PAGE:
Chef Rio Neo started his interest in the culinary industry at a very young age. He grew up helping out his parents with their economic bee hoon stall and continued the tradition of making good food for the people to enjoy only in a different type of cuisine, Japanese.
Currently, Chef Neo is the Head Chef of two restaurants, which both opened within a year after another. First, it was Kabuke in August 2017 with his co-founder Keiji Heng, and in July this year, TOKIDON.
In this interview, we find out what inspired Chef Neo to become a Japanese chef, the challenges he faces, his advice for aspiring chefs and his favourite food.
Your family owns an economic bee hoon store. It would seem like a more natural transition for you to go into Chinese cuisine. Instead, you chose Japanese cuisine. Why?
To be honest, I stumbled into Japanese cuisine by chance. My first job in the kitchen was at a Japanese Restaurant and I worked in several other Japanese restaurants after that. And now I am the head chef at Kabuke and TOKIDON.
What does cooking mean to you?
Cooking for me means using different cooking methods to best amplify each ingredient’s flavours and textures. It also means cooking the stuff I like to eat. One of the greatest rewards is seeing my customers enjoy the dishes that I personally love as well. Ha!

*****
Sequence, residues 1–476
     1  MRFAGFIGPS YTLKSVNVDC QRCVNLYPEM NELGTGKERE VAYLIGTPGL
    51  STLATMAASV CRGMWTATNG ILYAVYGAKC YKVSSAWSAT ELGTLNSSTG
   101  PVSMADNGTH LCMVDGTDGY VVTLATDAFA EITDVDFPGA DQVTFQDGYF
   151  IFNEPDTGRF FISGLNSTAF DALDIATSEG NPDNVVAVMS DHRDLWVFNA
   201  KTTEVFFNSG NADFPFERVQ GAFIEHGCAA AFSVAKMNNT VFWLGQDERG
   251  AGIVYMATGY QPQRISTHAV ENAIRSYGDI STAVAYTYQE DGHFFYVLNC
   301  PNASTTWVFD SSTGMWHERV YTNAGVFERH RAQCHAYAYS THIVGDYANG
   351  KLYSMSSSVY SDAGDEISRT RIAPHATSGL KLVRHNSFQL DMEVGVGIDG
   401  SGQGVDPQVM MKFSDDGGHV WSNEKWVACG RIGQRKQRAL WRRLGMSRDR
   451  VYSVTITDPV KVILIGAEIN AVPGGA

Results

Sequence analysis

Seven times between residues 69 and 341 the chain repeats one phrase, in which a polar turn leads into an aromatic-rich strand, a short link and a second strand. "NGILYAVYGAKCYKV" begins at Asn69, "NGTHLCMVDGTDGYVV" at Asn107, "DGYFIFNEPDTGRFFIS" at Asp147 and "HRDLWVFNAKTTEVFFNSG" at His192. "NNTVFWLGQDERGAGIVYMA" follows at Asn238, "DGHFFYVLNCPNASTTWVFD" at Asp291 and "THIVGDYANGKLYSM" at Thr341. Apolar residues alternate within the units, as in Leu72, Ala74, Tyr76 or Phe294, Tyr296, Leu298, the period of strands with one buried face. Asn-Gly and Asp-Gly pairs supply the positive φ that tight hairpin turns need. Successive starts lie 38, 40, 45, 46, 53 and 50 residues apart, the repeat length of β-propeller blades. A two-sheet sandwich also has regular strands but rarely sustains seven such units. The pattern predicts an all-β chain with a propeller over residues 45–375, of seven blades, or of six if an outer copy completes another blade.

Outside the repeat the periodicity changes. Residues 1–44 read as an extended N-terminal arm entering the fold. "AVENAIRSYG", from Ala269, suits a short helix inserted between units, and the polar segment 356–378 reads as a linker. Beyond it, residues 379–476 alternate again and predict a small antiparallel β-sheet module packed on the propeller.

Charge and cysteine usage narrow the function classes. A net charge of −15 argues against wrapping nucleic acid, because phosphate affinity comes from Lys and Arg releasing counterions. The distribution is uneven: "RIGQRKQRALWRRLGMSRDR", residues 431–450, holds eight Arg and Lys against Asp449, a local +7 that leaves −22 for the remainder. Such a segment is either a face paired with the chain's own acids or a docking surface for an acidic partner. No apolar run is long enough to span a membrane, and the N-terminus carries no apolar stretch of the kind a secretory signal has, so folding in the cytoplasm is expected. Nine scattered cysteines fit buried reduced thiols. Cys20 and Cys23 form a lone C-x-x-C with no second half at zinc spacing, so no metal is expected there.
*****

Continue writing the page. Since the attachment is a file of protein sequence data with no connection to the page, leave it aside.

What were the challenges you faced when you were learning culinary skills?
The main challenge is definitely the long working hours and often missing out on family and friends gatherings.
Have you thought of giving up after you encountered these challenges?
Thoughts of giving up did come up but cooking is something I enjoy doing.
If not a chef, what would you be?
Racing motorcycles. Haha. Most probably in the motorcycle trade because motorcycles are one of my favourite things.
There are a lot of competitors out there in the F&B market especially, Japanese food. Where do you get your inspiration to create new dishes for Kabuke and the newly launched TOKIDON?
I get most of my inspiration from watching cooking and travel shows on TV, as well as constantly trying out new combinations of traditional cooking and ingredients that will appeal to local taste buds.
What’s the must-try dish in Kabuke and TOKIDON? Why?
Shiso tempura in Kabuke – colourful, flavourful and “textureful”
Truffle wagyu don in Tokidon – most affordable gourmet beef bowl in Singapore
We see the rise and fall of many F&B establishments. What do you think is the possible cause of them failing?
Most probably poor management of staffs, food costings (wastage control) and more importantly; insincere preparation of food. Putting your best efforts into each plate you serve is very important, customers can feel it when they see and eat the food.
What makes a good chef?
Someone who never stops learning and willing to share everything he had learned to younger chefs
What is your advice for people looking to become chefs or opening their own F&B establishments?
Follow your passion if it makes you happy. As for those planning to set up their own establishments, proper planning and treat your staff well. And always invest in training your staff, they are the ones who can make or break the whole establishment.
Fun question: What is your favourite food other than Japanese food?
Singapore hawker food, of course. Chicken rice!